ONE in five complaints about current accounts are not dealt with satisfactorily by banks, say consumers.
Around a quarter of UK banking customers – some two million people – have had problems with their bank, with almost a third having to make a complaint more than once before it was resolved, according to a Which? report.
Royal Bank of Scotland customers were the most likely to experience bad customer service, the Which? survey found, while 28 per cent of RBS and 29 per cent of Bank of Scotland customers had suffered a problem with their accounts.
Internet bank First Direct performed best, Which? said, with fewer than one in ten customers saying they had experienced an issue relating to its current accounts.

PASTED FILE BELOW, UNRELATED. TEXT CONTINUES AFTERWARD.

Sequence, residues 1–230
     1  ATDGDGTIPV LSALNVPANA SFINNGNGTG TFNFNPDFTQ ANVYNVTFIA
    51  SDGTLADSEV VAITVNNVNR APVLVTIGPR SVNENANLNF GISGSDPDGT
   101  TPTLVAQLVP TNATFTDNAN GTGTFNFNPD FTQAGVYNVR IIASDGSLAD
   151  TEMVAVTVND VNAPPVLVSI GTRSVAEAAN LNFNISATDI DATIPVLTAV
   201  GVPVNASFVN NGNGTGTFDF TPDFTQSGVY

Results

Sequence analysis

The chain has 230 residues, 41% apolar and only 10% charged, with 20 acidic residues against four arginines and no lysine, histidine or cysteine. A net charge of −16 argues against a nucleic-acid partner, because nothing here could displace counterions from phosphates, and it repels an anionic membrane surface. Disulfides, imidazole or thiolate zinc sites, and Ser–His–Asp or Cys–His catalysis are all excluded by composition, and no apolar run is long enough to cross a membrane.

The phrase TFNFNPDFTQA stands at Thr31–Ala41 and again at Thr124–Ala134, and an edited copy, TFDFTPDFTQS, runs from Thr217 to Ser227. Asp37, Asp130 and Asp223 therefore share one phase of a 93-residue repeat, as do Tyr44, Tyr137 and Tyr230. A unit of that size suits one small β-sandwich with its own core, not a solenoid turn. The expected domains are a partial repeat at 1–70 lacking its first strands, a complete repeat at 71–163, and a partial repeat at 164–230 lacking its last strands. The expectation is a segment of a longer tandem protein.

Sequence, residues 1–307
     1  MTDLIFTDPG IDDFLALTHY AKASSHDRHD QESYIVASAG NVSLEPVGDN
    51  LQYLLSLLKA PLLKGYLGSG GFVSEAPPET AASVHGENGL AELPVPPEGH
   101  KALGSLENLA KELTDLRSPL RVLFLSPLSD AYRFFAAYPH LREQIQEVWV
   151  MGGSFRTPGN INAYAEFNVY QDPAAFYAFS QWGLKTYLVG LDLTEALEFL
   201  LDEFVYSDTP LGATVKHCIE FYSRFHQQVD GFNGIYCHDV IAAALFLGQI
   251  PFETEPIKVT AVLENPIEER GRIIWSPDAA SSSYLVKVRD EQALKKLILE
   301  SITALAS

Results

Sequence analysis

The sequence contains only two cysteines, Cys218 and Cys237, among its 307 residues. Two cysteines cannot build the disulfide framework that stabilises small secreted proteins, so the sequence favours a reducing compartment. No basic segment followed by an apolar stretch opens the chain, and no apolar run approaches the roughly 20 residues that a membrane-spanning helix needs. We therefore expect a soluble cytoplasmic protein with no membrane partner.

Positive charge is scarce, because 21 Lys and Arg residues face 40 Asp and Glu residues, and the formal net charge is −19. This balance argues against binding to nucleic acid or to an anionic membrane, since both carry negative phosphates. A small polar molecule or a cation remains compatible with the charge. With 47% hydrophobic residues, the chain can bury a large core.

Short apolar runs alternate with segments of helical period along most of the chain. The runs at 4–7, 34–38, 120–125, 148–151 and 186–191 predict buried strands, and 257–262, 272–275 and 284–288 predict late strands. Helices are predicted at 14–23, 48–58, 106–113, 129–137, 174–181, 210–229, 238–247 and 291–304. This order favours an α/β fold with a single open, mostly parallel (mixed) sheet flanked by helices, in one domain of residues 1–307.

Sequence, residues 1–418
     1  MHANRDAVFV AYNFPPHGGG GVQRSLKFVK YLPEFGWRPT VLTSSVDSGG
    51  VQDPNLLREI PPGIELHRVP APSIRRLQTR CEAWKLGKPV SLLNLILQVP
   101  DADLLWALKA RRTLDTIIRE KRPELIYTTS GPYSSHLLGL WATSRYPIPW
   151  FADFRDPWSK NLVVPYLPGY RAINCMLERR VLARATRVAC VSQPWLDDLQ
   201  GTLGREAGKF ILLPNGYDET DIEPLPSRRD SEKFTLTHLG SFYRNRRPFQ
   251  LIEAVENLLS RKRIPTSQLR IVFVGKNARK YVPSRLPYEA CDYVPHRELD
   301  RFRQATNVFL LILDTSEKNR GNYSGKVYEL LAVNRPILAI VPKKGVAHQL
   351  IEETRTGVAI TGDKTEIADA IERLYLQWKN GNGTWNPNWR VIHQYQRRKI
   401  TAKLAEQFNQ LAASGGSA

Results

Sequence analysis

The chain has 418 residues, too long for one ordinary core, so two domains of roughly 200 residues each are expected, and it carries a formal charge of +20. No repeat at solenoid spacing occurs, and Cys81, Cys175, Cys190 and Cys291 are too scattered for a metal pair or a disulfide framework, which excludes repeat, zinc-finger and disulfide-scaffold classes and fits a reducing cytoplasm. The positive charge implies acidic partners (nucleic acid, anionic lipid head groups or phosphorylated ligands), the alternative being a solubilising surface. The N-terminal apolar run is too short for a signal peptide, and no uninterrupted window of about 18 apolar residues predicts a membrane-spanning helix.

“There’s been a lot to complain about in banking over the past few years and to win back our trust they must sort out their complaints handling,” said Which? executive director Richard Lloyd. “When things go wrong it is critical that banks act swiftly and fairly to deal with the problem, identify what caused it and make sure it’s not repeated.
“The way a bank deals with complaints says a lot about the culture of the organisation. Some banks are getting this right but they all need to do more to put their customers first.”
Ten per cent of Bank of Scotland’s complaints related to attempts to sell inappropriate products.
“No-one took ownership of my problem,” one Bank of Scotland customer told Which?. “If it was a sale, they would be scrambling over each other to take care of that stuff.”
But just over a third of people who had a problem with their bank failed to make a formal complaint.